Sir William Dawson.

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Sir William Dawson.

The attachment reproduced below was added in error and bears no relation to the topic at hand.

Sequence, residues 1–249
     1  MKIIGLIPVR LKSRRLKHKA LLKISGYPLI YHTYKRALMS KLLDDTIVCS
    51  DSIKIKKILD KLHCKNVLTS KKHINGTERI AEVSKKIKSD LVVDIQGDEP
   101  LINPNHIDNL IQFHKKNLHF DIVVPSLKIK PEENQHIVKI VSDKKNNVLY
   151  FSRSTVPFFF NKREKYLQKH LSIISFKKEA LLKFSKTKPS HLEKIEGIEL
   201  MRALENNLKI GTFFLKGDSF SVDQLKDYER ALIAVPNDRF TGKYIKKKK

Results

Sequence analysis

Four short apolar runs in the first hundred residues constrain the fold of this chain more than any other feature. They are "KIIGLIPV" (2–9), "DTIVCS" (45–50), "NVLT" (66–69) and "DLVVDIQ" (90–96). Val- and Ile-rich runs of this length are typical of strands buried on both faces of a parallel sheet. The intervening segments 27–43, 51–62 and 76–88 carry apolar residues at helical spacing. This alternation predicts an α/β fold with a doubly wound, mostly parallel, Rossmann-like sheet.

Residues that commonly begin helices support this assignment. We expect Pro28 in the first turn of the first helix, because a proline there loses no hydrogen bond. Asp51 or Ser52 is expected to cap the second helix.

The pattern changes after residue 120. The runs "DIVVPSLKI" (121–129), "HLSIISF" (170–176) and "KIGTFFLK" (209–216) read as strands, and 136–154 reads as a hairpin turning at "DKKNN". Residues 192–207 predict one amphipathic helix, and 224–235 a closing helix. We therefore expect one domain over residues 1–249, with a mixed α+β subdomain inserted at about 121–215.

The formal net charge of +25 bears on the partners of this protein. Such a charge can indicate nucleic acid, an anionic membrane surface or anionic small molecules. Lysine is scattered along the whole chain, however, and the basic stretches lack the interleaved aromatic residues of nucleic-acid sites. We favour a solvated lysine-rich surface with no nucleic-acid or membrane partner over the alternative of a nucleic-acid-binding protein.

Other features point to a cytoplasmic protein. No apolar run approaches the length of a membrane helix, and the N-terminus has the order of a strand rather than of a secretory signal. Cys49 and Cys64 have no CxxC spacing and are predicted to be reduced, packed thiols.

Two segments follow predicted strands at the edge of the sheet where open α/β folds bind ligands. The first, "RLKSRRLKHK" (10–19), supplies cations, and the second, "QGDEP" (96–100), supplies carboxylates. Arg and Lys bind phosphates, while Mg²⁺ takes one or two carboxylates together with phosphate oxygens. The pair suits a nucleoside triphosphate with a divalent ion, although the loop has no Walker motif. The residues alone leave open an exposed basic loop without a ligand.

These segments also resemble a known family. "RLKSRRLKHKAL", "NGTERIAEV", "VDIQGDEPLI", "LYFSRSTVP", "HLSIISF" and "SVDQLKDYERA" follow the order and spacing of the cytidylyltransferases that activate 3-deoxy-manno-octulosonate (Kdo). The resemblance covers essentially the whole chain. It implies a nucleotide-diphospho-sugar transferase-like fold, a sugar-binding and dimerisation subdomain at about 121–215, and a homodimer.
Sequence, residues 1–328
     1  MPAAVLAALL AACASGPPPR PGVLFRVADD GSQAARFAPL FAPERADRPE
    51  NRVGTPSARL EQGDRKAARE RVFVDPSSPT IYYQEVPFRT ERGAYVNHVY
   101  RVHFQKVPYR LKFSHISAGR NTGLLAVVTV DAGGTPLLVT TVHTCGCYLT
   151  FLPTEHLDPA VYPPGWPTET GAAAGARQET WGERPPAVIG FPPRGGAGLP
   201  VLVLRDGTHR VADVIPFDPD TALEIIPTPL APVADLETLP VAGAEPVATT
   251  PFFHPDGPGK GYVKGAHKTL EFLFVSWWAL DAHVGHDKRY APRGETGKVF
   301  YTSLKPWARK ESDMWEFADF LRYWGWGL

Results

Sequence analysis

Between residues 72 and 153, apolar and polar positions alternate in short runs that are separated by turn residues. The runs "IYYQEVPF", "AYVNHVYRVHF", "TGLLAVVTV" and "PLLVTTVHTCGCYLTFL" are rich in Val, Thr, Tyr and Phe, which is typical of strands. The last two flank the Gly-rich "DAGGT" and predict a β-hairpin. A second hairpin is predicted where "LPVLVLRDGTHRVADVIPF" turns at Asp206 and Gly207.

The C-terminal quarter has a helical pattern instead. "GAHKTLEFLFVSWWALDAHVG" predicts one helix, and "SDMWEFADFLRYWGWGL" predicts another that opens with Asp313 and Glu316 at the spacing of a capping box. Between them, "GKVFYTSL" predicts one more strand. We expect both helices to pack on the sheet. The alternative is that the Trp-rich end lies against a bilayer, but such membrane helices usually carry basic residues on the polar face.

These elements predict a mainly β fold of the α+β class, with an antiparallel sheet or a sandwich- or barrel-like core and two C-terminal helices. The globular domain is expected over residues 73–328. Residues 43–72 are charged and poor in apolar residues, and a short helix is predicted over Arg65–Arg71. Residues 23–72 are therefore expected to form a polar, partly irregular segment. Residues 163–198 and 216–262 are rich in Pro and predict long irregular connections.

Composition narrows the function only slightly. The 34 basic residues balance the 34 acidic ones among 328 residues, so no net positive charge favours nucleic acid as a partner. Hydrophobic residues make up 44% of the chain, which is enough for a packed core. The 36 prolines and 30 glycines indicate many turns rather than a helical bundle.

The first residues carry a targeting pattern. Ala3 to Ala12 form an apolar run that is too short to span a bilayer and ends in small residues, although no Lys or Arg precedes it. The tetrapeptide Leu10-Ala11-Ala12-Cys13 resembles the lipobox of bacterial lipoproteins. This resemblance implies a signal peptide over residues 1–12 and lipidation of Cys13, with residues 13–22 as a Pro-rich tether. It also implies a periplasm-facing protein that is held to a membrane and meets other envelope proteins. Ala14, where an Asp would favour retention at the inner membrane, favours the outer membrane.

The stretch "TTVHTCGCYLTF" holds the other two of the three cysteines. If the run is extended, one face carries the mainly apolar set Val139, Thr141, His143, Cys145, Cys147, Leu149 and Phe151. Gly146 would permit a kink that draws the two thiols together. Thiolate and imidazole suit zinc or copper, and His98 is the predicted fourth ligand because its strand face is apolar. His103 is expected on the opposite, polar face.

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Sir John William Dawson, LL. D, F.R. S., F.G.S, C.M.G, K.B., was born at Pictou , Nova Scotia, in October, 1820. He studied at the University of Edinburgh, and returned home devoted himself to the natural history and geology of Nova Scotia and New Brunswick. The results of these investigations are embodied in his “Acadian Geology” (3rd ED. 1980). In 1842, and again in 1852, he accompanied Sir Charles Lyell in his explorations in Nova Scotia, aiding him materially in his investigations. Ever since 1843, he has contributed largely to the “Proceedings” of the London Geological Society, and to scientific periodicals. He has also published numerous monographs on special subjects connected with geology. His two volumes on “Devonian and Carboniferous Floral of Eastern North America,” published by the Geological Survey of Canada, and illustrated from drawings by his daughter, are the most important contributions yet to be made to the Paleozoic botany of North America; and he is the discoverer of the Eozoon Canadense, of the Laurentian Limestones, the oldest known form of animal life. In 1850, he was appointed Superintendent of Education for Nova Scotia and in 1855 he became Principal of the McGill University of this city, of which he is now Vice – Chancellor. He is a member of many learner societies in Europe and America. Among his works not already mentioned are; “Archaia, or Studies of the Cosmogony and Natural History of the Hebrew Scriptures,” 1858, and “The story of the Earth and Man,” 1872, in which he combats the Darwinian theory of the origin of the species. In 1875, he published “the Dawn of Life,” – an account of the oldest known fossil remains, and of their relations to geological time and the development of the animal kingdom; in 1879 appeared “The Origin of the World,” and in the following year, “Fossil Men and their Modern Representatives.” In 1880, appeared “The Change of Life in Geological Time,” – a sketch of the origin and succession of animals and plants. He has also contributed largely to the Canadian Naturalist, and to many educational, scientific, and religious publications in Great Britain, the United States and Canada. In 1881, Dr. Dawson was created a companion of the order of St. Michael and St. George; in the following year was selected by the Marquis of Lorne, our then Governor Genera, to take the Presidency of the Royal Society of Canada, an institution founded to aid the development of literary and scientific research in our Dominion; and he has just had conferred on him the dignity of Knight Bachelor.